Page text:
The Role of Ionospheric Clutter in Mid-Latitude and Arctic Regions for Assessment of HFSWR Surveillance


  1. Thayaparan, T.
  2. MacDougall, J.
Corporate Authors
Defence R&D Canada - Ottawa, Ottawa ONT (CAN)
The ionosphere is the region of the earth’s atmosphere in which gases are ionized by radiation such as ultraviolet light from the sun and cosmic rays from outer space. The unwanted radar echoes from the ionosphere are collectively called ionospheric clutter. This paper studies the arctic and mid-latitude ionospheric environment using ionosonde data and assesses High-Frequency Surface-Wave Radar (HFSWR) surveillance for surface vessels and low-altitute air targets. Although there are various types of ionospheric clutter, in this study we concentrate only on the sporadic-E (Es) ionospheric clutter. The evaluation is based on sporadic-E interference in the HFSWR signal. Our studies show that the Es is reasonably common in the arctic regions. The best time to perform HFSWR surveillance is between approximately 06:00-15:00 UT and 20:00-00:00 UT. During these hours, the number of days that sporadic-E interference occurs in a month and the range of frequencies reflected is minimized compared to other times of the day. Of the sites considered, Resolute Bay is the most favourable site for HFSWR surveillance in the summer since sporadic-E interference occurs least often, resulting in reduced signal interference. Similarly, Eureka is the preferred site during the winter months. In addition, the ionosphere at Eureka generally reflects the lowest range of maximum frequencies (~ 4 − 8 MHz), again resulting in less clutter interference. In all the observations, polar cap sites Eurek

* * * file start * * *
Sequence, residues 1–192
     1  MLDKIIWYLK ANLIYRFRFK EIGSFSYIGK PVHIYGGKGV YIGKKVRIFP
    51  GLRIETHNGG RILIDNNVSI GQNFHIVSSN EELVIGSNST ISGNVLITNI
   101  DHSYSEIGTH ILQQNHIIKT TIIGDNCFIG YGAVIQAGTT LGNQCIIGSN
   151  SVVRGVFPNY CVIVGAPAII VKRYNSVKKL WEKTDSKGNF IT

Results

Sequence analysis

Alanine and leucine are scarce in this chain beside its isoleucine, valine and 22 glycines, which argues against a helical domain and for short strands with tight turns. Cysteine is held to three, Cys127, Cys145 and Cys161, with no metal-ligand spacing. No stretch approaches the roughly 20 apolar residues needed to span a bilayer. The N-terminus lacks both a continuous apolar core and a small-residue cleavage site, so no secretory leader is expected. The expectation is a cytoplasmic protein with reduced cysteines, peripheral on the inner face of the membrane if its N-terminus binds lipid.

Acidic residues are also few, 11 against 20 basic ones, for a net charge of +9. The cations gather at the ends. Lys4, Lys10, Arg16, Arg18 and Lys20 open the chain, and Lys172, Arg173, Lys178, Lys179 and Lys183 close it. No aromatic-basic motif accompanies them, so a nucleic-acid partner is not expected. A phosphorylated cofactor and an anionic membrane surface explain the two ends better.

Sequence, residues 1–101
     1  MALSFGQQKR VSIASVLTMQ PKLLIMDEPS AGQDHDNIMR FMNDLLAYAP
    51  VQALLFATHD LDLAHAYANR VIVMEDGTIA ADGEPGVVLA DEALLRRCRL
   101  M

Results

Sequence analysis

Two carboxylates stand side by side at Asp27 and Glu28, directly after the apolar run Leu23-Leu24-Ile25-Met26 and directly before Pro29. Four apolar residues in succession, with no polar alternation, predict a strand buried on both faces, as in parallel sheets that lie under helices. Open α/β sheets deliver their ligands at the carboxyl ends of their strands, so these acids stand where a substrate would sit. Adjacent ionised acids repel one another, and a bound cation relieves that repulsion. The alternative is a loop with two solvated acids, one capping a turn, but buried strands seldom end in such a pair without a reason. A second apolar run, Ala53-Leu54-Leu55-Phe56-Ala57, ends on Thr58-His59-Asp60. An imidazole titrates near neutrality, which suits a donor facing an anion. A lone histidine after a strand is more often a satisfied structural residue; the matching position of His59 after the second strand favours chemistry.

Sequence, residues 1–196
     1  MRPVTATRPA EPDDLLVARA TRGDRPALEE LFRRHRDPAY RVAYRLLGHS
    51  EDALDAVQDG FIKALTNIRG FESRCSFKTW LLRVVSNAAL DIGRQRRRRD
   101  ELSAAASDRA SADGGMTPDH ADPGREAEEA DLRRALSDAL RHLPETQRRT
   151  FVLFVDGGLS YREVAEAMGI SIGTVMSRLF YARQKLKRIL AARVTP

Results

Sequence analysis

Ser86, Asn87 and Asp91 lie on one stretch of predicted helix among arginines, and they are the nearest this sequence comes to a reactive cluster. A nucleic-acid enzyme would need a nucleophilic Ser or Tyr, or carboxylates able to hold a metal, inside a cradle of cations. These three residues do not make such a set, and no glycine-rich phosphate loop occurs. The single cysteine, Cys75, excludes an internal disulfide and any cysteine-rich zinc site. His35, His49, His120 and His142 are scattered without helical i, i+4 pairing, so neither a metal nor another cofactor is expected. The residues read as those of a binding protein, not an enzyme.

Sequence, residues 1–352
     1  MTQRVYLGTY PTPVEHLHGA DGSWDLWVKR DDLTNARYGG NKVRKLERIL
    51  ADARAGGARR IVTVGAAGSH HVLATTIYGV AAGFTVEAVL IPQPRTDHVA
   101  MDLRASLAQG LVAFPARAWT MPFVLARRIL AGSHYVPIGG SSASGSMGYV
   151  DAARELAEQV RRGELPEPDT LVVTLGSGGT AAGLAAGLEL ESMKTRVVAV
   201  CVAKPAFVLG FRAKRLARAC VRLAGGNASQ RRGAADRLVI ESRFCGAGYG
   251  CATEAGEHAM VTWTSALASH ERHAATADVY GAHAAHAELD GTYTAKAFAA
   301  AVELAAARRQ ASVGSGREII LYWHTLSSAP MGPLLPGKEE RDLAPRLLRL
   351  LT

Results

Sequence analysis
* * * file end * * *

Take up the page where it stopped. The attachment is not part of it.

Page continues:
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Report Number
DRDC-OTTAWA-TR-2004-093 — Technical Report
Date of publication
01 Apr 2004
Number of Pages

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